Like any film genre, the western has its share of solid films that never receive the full appreciation they should. Here are five examples.

“Dark Command’ (1940): Directed by Raoul Walsh, this was John Wayne-s follow-up to “Stagecoach’, the film that made him a star. Based on the story of William Quantrill, the film co-stars William Pidgeon, Claire Trevor and Roy Rogers.

“Ride the High Country’ (1962): Sam Peckinpah-s film stars Joel McCrea and Randolph Scott as aging cowboys guarding a shipment of gold through hazardous territory. The film has a strong supporting cast and gained notoriety for Peckinpah.

“The Way West’ (1967): The story of a wagon train en route to Oregon stars Kirk Douglas, Robert Mitchum and Richard Widmark. The cast includes a young Sally Field and a group of veteran character actors.

“Will Penny’ (1968): Charlton Heston stars an aging cowboy in a subtle western that is stronger on character study than outright action. The film features beautiful cinematography and one of Heston-s best performances.

“Ulzana-s Raid’ (1972): Director Robert Aldrich created a raw, tough western with graphic violence not seen in the genre at the time. Burt Lancaster stars as an army scout hunting down a renegade Apache warrior.

Determining the lowest budgeted western ever made night not be a very easy task. There were scores of low budget B Movie westerns produced in the 1930s and 1940s. Westerns had a large audience during the classic age of cinema. A significant segment of the audience were young children. Since kids did not need a huge budget or a big star to draw them to theaters, quite a number of low budget westerns were made. The western with the lowest budget is something that might be lost to history because budgetary records have most likely be lost or destroyed. That said, there is a western which just might be the lowest budgeted movie in the entire genre. That film would be The Terror of Tiny Town. This 1938 film featured an all-midget cast and was a hit on the matine circuit for young ones. More than likely, the money saved on this film was not only from reusing sets from other movies, but also from not paying the cast accordingly.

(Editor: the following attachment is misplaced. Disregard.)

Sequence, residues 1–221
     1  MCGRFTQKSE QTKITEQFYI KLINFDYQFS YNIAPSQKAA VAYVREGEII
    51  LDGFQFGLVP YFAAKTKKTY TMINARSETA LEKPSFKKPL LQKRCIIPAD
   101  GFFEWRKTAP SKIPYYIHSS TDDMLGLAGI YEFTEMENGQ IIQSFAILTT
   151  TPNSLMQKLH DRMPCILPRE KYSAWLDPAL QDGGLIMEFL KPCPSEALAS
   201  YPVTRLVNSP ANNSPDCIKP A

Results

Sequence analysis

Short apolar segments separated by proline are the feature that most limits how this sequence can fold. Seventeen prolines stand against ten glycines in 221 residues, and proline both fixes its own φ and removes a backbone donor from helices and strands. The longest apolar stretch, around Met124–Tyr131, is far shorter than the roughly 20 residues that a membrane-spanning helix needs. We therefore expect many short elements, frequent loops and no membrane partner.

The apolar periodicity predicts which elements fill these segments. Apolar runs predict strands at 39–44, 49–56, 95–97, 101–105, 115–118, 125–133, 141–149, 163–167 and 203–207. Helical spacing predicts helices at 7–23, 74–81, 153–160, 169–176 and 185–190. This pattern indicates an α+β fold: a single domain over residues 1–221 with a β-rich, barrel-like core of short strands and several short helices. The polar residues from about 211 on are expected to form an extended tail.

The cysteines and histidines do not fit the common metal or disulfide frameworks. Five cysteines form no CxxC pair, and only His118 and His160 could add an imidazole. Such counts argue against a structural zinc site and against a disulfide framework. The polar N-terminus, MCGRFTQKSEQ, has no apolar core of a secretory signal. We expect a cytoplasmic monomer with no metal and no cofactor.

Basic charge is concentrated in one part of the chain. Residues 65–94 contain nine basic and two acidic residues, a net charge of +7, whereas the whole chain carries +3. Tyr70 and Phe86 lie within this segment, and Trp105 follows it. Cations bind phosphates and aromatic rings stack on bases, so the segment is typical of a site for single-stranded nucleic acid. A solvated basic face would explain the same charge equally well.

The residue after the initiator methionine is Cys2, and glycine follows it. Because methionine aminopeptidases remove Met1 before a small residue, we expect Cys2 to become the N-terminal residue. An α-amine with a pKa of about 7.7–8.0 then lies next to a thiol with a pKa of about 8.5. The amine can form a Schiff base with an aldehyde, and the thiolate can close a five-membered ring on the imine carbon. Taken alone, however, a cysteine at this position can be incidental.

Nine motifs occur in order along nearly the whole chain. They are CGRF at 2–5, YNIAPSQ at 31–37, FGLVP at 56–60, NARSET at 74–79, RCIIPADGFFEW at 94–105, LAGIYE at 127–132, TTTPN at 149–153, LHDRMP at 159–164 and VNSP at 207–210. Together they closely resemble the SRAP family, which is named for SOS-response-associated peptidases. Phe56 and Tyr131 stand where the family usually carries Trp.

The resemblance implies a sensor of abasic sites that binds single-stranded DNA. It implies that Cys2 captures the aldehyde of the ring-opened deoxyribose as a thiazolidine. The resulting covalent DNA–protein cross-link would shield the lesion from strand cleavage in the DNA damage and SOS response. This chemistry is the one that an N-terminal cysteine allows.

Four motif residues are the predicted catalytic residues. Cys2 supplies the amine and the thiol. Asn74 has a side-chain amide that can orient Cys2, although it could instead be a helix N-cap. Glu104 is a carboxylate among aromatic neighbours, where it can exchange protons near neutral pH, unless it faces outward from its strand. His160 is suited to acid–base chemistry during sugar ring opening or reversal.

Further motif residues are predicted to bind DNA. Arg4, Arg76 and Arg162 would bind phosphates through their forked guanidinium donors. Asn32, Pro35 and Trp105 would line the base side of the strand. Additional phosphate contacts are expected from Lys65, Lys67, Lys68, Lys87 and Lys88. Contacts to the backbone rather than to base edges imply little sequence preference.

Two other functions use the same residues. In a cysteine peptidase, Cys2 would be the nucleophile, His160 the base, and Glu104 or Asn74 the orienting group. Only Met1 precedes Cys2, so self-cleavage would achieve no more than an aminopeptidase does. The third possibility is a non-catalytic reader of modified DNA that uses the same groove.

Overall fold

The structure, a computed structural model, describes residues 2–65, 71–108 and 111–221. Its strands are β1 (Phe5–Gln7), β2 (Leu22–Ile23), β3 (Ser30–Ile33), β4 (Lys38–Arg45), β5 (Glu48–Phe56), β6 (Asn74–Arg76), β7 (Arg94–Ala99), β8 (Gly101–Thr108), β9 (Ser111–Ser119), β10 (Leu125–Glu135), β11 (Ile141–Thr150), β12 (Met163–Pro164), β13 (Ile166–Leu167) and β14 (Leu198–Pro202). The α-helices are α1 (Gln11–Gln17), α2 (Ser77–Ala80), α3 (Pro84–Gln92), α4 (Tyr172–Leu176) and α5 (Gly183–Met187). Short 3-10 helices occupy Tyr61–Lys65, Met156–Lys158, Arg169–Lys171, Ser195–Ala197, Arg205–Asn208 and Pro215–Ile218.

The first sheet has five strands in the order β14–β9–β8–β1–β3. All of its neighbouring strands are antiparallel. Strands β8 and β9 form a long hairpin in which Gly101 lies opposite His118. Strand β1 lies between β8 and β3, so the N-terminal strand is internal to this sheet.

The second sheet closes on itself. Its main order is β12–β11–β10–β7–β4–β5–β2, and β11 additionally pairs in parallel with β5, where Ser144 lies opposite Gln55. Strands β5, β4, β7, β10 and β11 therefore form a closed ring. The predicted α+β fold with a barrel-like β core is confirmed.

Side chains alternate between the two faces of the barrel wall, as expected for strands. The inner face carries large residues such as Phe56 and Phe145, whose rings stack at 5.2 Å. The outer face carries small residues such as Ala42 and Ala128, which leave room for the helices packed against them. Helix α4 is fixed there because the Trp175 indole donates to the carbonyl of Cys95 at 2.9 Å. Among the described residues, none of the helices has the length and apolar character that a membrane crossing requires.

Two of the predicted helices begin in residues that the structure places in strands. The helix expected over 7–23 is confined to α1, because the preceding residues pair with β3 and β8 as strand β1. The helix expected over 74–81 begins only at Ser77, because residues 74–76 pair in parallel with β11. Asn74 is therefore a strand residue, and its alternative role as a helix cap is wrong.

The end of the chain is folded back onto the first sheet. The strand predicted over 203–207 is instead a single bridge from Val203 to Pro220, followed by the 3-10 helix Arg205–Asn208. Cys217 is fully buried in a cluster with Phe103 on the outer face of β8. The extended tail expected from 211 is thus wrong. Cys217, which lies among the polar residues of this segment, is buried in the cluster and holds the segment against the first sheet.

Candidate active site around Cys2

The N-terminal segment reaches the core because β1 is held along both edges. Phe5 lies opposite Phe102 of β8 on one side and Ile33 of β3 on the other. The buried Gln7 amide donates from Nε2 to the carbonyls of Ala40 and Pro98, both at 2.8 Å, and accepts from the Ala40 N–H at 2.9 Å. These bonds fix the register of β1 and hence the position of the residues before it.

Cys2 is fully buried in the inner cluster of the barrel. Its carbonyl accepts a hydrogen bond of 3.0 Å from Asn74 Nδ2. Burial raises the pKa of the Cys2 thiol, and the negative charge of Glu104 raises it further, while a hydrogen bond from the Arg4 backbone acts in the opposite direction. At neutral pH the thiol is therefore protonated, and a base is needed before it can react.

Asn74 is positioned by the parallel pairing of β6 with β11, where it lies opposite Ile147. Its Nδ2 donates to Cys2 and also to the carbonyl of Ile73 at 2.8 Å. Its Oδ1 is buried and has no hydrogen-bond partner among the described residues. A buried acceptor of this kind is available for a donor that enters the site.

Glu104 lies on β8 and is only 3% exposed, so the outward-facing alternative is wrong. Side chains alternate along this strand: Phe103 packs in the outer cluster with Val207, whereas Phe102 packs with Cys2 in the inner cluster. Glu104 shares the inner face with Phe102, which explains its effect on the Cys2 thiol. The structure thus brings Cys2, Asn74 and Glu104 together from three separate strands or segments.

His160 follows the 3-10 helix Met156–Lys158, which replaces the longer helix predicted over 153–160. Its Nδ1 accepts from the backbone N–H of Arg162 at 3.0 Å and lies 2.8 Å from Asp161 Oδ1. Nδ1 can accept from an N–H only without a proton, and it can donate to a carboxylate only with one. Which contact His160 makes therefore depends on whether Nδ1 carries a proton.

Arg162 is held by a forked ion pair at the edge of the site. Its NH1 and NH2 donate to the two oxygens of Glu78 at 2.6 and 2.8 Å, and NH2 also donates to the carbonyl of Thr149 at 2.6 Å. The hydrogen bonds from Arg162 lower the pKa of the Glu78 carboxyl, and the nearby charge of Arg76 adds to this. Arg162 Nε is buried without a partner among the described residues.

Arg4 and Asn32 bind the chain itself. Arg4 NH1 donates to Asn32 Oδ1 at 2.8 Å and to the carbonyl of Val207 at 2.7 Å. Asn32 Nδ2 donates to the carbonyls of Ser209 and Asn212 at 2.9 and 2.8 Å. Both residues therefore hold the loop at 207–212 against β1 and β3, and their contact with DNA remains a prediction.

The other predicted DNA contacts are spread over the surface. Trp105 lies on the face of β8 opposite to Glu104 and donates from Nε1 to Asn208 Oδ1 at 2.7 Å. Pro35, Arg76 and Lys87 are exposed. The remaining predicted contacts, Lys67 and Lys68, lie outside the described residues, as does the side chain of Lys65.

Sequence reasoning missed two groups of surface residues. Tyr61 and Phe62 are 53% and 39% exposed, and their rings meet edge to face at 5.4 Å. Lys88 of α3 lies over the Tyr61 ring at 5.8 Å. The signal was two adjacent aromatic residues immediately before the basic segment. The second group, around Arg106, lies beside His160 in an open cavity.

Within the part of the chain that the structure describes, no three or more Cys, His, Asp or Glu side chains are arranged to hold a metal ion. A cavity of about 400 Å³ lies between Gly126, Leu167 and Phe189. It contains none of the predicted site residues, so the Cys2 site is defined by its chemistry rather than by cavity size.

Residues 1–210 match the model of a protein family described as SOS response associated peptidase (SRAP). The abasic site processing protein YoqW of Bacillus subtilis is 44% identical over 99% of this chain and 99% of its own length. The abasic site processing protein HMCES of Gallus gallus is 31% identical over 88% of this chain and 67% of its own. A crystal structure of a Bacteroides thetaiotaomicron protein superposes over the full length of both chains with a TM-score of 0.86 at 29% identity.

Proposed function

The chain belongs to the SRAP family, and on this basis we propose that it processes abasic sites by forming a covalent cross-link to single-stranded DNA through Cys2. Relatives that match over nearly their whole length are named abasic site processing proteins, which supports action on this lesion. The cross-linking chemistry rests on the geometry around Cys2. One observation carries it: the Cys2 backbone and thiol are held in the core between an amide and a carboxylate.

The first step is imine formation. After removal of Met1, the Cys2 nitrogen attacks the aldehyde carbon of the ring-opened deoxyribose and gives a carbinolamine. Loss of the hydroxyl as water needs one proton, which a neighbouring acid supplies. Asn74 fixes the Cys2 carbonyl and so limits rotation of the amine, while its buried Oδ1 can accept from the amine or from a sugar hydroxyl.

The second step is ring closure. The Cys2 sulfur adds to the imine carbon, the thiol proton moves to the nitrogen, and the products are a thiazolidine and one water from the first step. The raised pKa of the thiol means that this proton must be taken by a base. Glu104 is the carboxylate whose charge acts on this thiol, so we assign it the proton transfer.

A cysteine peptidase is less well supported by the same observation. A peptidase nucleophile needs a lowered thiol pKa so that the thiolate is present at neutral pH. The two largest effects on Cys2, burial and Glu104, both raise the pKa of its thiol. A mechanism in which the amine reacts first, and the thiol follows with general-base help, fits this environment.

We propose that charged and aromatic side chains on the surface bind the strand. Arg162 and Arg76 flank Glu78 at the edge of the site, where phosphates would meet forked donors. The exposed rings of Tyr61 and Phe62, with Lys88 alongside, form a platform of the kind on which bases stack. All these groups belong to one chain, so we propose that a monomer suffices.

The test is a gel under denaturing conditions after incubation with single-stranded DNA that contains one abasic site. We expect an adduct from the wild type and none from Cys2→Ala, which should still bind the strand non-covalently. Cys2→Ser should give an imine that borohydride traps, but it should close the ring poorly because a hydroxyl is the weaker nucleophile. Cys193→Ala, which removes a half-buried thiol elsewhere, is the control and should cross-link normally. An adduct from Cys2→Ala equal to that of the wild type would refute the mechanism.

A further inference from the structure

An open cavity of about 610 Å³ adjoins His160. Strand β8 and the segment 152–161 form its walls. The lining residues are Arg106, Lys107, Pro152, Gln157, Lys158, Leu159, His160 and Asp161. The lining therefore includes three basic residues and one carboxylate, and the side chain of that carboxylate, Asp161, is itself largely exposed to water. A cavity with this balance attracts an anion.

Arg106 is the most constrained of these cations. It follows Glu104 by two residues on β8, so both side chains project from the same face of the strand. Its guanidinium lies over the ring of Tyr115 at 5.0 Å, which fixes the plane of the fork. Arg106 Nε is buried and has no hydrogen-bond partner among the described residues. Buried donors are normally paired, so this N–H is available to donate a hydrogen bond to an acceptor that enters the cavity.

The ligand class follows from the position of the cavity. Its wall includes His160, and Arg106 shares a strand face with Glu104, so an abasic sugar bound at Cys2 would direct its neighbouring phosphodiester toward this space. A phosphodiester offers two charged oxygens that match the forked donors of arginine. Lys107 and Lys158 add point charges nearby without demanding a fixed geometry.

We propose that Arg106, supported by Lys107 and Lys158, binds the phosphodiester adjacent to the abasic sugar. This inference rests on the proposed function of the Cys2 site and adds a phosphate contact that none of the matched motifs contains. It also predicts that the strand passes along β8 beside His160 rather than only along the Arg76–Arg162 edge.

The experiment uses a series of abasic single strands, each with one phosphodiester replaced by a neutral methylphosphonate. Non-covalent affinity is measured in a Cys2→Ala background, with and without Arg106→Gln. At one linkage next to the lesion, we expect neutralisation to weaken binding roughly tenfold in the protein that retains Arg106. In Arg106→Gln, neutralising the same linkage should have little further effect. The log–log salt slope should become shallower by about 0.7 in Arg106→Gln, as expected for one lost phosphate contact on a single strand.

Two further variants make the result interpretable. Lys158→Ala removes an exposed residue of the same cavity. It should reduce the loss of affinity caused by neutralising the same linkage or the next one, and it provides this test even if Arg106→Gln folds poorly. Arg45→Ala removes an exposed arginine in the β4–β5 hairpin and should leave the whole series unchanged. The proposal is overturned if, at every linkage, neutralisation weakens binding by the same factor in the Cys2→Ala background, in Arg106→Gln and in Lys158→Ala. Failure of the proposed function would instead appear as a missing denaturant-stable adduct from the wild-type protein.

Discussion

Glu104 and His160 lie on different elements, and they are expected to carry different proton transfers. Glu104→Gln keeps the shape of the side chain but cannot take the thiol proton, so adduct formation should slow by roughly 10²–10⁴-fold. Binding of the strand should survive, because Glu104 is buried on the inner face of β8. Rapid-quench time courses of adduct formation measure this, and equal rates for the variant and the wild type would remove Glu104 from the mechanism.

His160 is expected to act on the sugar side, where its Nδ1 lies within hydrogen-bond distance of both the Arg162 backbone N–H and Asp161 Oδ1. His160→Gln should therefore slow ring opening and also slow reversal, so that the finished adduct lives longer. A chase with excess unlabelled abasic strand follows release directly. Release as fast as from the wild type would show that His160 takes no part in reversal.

There may have been lower budgeted westerns made during the silent era. However, many films from this time period are lost along with the records of their production. In today’s world of home video, perhaps the all-time cheapest western is soon to be made. Still bored? Click to continue: Tila Tequila in a new low-budget film

It might be hard to believe, but the movie that bears the distinction of being the first Western ever filmed was made in 1903. The twelve minute long “The Great Train Robbery”, a silent movie, was an immediate hit with audiences and paved the way for scores of other movies set in the mythical “Old West”.
“The Great Train Robbery” packed a lot of action into such a short movie. The film told the story of a group of outlaws who robbed a train and made off with the loot. The movie showed the desperadoes blowing open the safe on the train, robbing the passengers on the train and then making off with their ill-gotten gains on horseback, while they are pursued by a posse of lawmen. The whole story can be found at http://wolfnwings.wordpress.com/2011/06/16/cops-and-robbers/ The movie ends with a stable of Western movies, a spirited gunfight between the robbers and the lawmen. At the end of the film the robbers are all killed by the good guys. An obvious message of the film is that “crime does not pay.”
From a historical standpoint, “The Great Train Robbery” is considered an important film not just because it was the first Western but because of some of the cinematic effects in the movie. The film had a definite storyline, plot and character development. The film also shifted from one scene to another. Some of the film’s producers were concerned that the shifting of one scene to another might confuse audiences, but this was not the case. Another innovation in the brief movie was the movement of the camera during the filming of a scene.
The movie was distributed by the Edison Film Company and capitalized on the public’s fascination with Cowboys and Indians, Lawmen and Bandits and the Old West made popular in the dime novels of the day.